Canadian Plastics

Gateways to success

By Mark Stephen, associate editor   

The history of technology is filled with "black arts" -- processes so complex only a select few can understand them.

The history of technology is filled with “black arts” — processes so complex only a select few can understand them.

A modern example often cited in the plastics industry is hot runners, the channels within an injection mold through which molten plastic is distributed.

But just because hot runners seem mysterious doesn’t mean plastics processors can’t take advantage of new developments to remain competitive; and the recent breakthroughs in hot runners relate mostly to valve gates, devices that regulate the melt flow via cylinder mechanisms connected to hot runner nozzle pins.



Hot runner manufacturers identify several advantages of valve gating over the more traditional thermal gating. “There’s no doubt valve gates offer better control, especially right at the gate,” said Martin Baumann, business development and marketing manager, hot runners, with Husky Injection Molding Systems Ltd. “With the mechanical shutoff offered by valve gate systems, molders are in control of what is happening with the gate vestige.”

Control is all the more necessary given continuing developments in both commodity and engineering resins. “Some of the new resins are so sophisticated that they’re not easy to flow into the mold, and require the quick, controlled mold close that valve gates provide,” Louis Hbert, president of Hasco Canada Inc., said.

According to Harald Schmidt, president of Mold Hotrunner Solutions, valve gates are also well suited for softer materials, like elastomers, which are characterized by material elongation of between 200 and 300 per cent. “Valve gates give a more effective packing or hold pressure to keep tight dimensions in the part,” he explained.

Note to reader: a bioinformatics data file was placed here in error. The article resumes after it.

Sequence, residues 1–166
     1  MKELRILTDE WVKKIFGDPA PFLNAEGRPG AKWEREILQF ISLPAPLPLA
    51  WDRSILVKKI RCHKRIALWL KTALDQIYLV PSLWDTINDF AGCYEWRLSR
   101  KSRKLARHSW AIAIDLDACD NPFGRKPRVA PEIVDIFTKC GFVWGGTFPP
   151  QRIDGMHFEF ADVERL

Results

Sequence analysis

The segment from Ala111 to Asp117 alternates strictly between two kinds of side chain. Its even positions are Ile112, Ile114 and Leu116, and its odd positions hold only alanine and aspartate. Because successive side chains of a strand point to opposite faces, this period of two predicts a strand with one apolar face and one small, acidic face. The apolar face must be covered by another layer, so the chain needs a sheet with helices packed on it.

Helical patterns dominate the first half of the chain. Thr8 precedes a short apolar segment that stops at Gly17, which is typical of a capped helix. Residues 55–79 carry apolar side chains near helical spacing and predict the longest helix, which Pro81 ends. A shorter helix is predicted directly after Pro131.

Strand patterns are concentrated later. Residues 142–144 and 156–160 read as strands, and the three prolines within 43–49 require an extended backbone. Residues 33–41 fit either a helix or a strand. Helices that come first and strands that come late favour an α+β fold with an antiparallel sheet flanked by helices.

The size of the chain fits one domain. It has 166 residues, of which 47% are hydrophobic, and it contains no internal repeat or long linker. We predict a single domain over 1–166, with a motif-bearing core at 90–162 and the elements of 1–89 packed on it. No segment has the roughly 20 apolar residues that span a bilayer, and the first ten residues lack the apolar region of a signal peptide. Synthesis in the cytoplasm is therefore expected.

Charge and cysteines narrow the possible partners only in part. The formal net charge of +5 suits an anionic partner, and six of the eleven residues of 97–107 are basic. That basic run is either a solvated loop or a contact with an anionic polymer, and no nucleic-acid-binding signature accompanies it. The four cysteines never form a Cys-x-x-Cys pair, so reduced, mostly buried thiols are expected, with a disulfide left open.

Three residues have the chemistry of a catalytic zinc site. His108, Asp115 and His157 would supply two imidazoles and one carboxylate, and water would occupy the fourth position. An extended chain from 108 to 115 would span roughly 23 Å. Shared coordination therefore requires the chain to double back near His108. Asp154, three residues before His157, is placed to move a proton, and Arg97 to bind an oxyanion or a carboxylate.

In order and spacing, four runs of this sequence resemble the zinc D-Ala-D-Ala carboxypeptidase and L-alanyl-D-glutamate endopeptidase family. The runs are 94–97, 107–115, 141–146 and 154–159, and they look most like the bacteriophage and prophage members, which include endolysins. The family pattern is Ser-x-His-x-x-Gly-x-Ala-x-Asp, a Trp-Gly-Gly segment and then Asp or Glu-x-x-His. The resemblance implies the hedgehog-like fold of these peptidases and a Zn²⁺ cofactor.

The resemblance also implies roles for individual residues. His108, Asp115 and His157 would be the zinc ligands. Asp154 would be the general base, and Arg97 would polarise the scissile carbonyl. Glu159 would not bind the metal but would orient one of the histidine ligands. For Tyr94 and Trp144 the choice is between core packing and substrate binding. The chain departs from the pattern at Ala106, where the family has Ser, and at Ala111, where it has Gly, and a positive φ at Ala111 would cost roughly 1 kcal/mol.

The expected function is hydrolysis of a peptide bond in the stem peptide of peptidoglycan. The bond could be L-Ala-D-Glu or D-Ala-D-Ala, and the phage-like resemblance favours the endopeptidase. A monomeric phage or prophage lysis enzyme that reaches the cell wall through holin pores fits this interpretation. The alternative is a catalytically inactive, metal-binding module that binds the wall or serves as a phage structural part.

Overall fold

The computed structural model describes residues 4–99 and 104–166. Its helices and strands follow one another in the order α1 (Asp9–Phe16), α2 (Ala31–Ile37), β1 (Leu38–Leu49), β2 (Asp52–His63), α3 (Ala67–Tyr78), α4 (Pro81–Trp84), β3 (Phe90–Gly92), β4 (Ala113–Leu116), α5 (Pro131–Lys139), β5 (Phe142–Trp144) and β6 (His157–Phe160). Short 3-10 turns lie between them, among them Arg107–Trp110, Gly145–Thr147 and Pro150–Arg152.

Soft, sophisticated resins allow for the possibility of superior looking plastic parts, and in this area too valve gates appear to trump their thermal counterparts. “The growing complexity and cosmetic requirements of today’s parts, including clear parts, is steering customers to valve gating,” said Bob Ameel, global business manager, hot runner systems, with D-M-E Company. “A thermal gate system often leaves a distinct witness mark, whereas on some of the valve gated parts the witness line is small and less distinctive than an ejector pin mark.”

For all these reasons, valve gates are growing in popularity, to the point that the relative high cost is ceasing to be a factor. “Customers are finding that the higher investment of valve gates pays off quickly because they add value to the automated molding process,” Harald Schmidt said.

Given these factors, it’s no surprise that developments in valve gates, and new product lines, are coming as thick and fast as resin through a melt channel.


Also not surprisingly, many valve gate systems are designed to cover a broad range of plastics applications that use a broad range of resins. D-M-E Company, for example, recently introduced the Polivalve system, designed to cover all markets where high-quality surface finish is important, from small medical and electronic applications to large auto parts. Polivalve is available in two formats: a full “Hot-Half” system, and a Simplicity “Drop-In” system. “The D-M-E Drop-In system differs from others in that it is supported by a manifold plate with all of the air, hydraulic, wiring and water channels contained inside,” D-M-E’s Ameel explained. “Secondary machining for service channels is not required, therefore improving the overall strength of the mold assembly.”

The new Accu-Valve CX and EX valve gate designs from Mold-Masters Limited are versatile with a wide range of resins, from polyolefins to filled crystal materials to such thermally sensitive materials as polyvinyl chloride (PVC), polyacetal (POM) and polyphenylene sulfide (PPS). The CX is intended for polyolefins and commodity resins where melt viscosity is relatively low, while the EX is built for engineering resins at higher temperatures. Both systems utilize a new V-Guide method of preventing material from migrating between the valve pin and valve disk by creating a thermal barrier within the valve disk itself.

The Rheo-Pro valve gates, from Mold Hotrunner Solutions, are also designed for versatility. “Successful exotic valve gate applications with, for example, 70 per cent copper-filled acrylonitrile-butadiene-styrene copolymer (ABS) or 60 per cent carbon-filled PA6.6 is not uncommon,” Harald Schmidt said. The company also offers top mounted valve control units with integrated PLC solenoid control.